**Van Jacobson** (*van@lbl-csam.arpa*)

*Thu, 11 Feb 88 22:17:04 PST*

**Messages sorted by:**[ date ] [ thread ] [ subject ] [ author ]**Next message:**John T. Nelson: "Re: X.25 to Milnet PSN problems - the continuing saga"**Previous message:**enger@bluto.scc.com: "RE Subject field policy.!@#$%^&*()_+ (that should cover everything)"

A dozen people forwarded Phil Karn's question about TCP

congestion control to me, usually with pithy subject lines like

"how much longer till you publish something?". I do have three

RFCs and two papers in various stages of preparation, but innate

laziness combined with this semester's unexpectedly large

teaching load means it will probably be late spring before

anything gets finished. In the interim, here's a sort-of

overview of our congestion control work.

I should point out these algorithms are joint work with Mike

Karels of UC Berkeley (I guess my name got stuck on things

because I make the presentations while Mike is off fighting the

battles on EGP or routing or domains or ...). I should also

mention that there's not a whole lot that's original. In

particular, the two most important algorithms are quite close to

(prior) work done by DEC's Raj Jain. This was by accident in

one case and deliberate in the other.

This stuff has been discussed on the ietf and end2end lists

(Phil participated in some of those discussions and was, in

fact, one of the early beta testers for our new tcp -- I have

this nagging suspicion I was set up). I've appended a couple of

those mail messages.

Mike and I have put a number (six, actually) of new algorithms

into the 4bsd tcp. Our own measurements and the reports of our

beta testers suggest that the result is quite good at dealing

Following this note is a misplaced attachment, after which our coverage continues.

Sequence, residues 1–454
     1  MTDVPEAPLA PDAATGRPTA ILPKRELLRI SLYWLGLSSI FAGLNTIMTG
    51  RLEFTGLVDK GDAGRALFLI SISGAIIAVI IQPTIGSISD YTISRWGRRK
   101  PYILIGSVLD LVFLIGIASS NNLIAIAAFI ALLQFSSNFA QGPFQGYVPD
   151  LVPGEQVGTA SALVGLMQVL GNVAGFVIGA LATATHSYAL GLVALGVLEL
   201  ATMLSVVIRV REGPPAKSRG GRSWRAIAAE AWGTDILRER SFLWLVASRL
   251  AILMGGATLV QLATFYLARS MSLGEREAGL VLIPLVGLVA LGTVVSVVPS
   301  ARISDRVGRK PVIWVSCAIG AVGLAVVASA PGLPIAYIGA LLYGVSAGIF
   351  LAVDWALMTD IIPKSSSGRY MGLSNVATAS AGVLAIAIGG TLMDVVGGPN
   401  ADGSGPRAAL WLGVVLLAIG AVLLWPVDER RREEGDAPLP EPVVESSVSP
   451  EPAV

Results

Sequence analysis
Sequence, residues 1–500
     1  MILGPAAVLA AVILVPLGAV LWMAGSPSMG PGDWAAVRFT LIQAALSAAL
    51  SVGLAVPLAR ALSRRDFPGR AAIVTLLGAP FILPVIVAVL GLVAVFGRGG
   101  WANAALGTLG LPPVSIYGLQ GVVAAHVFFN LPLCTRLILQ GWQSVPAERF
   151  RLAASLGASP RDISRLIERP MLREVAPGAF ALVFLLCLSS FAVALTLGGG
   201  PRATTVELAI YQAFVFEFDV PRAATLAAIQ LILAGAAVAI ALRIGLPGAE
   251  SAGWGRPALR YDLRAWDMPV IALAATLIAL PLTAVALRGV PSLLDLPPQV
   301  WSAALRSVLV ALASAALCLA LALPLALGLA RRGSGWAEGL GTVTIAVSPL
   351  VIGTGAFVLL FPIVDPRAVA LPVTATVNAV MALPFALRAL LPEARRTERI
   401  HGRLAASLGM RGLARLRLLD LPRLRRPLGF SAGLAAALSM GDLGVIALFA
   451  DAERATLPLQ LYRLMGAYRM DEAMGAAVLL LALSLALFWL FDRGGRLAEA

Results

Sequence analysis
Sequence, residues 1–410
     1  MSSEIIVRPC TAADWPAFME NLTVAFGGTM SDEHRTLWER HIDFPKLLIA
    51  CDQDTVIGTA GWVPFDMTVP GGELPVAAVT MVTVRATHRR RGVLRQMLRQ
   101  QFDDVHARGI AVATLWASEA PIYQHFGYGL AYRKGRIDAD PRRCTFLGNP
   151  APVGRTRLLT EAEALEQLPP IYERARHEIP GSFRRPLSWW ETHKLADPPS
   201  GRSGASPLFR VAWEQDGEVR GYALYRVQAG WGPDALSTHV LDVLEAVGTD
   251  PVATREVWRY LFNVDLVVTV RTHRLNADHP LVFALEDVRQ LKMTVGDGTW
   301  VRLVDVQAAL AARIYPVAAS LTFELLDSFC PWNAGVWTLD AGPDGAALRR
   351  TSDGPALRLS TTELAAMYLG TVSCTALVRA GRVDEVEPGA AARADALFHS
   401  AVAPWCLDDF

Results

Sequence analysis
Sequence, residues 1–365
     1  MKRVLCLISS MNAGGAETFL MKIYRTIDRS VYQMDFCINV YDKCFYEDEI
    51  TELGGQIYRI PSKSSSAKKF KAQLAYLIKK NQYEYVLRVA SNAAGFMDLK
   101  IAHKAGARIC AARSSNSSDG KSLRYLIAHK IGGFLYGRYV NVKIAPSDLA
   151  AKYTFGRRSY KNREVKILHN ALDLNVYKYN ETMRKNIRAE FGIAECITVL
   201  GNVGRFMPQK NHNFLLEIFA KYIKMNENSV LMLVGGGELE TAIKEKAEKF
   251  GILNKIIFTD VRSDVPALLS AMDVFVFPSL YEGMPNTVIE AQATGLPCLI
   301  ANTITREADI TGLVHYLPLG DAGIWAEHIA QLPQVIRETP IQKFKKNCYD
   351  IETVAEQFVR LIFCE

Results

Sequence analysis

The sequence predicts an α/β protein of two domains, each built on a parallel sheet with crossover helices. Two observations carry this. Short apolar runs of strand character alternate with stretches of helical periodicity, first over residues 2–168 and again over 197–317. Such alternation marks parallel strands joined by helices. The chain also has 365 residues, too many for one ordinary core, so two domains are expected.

with current, congested conditions on the Internet. The various

algorithms were developed and presented at different times over

the past year and it may not be clear to anyone but the

developers how, or if, the pieces relate.

Most of the changes spring from one observation: The flow on a

TCP connection (or ISO TP-4 or XNS SPP connection) should, by

the design of the protocol, obey a `conservation of packets'

principle. And, if this principle were obeyed, congestion

collapse would become the exception rather than the rule.

Thus congestion control turns into finding places where

conservation is violated and fixing them.

By `conservation of packets' I mean the following:

If you look at the connection "in equilibrium", i.e., running

stably with a full window of data in transit, you notice that

the flow is what a physicist would call "conservative": A new

packet isn't put into the network until an old packet leaves.

Two scientific disciplines that deal with flow, hydrodynamics

and thermodynamics, predict that systems with this conservation

property should be extremely robust in the face of congestion.

Observation of the Arpanet or NSFNet suggests that they were not

particularly robust in the face of congestion. From whence

comes the discrepancy?

[Someone asked me for a simple explanation of why a conservative

flow system should be stable under load. I've been trying to

come up with one, thus far without success -- absolutely nothing

in hydrodynamics admits to simple explanations. The shortest

explanation is that the inhomogenous forcing terms in the

Fokker-Planck equation vanish and the remaining terms are highly

damped. But I don't suppose this means much to anyone (it

doesn't mean much to me). My intuition is that conservation

means there's never an `energy difference' between the outside

world and the system that the system could use to `pump up' an

instability to a state of collapse. Thus the only mechanism the

system can use for self-destruction is to re-arrange its

internal energy and create a difference large enough to break

something. But entropy (or diffusion) always trys to erase

large internal energy differences so collapse via these

mechanisms is improbable. Possible, but improbable, at least

until the load gets so outrageous that collective, non-ergodic

effects start to dominate the overall behavior.]

Packet conservation can fail three ways:

1) the connection doesn't get to equilibrium, or

2) a sender injects a packet before an old packet has exited, or

3) the equilibrium can't be reached because of resource

limits along the path.

(1) has to be from a connection starting or restarting after a

packet loss. Another way to look at the conservation property

is to say that the sender uses acks as a "clock" to strobe new

packets into the network. Since the receiver can generate acks

no faster than data packets can get through the network, the

protocol is "self clocking" (an ack can't go in until a packet

comes out, a packet can't go in until an ack comes out). Self

clocking systems automatically adjust to bandwidth and delay

variations and have a wide dynamic range (an important issue